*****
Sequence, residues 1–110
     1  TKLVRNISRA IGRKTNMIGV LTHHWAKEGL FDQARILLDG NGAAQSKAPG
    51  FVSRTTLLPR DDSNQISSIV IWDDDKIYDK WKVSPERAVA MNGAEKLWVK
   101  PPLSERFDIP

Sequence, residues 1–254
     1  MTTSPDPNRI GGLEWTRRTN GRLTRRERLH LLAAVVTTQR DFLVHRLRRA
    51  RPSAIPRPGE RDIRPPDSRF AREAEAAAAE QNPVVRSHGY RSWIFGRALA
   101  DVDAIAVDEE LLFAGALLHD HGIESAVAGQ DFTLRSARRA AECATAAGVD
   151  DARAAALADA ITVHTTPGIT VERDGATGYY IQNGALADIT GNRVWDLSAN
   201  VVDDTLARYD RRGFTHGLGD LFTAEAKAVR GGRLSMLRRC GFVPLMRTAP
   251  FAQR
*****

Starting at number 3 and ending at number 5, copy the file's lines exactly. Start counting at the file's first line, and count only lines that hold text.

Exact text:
    51  FVSRTTLLPR DDSNQISSIV IWDDDKIYDK WKVSPERAVA MNGAEKLWVK
   101  PPLSERFDIP

Sequence, residues 1–254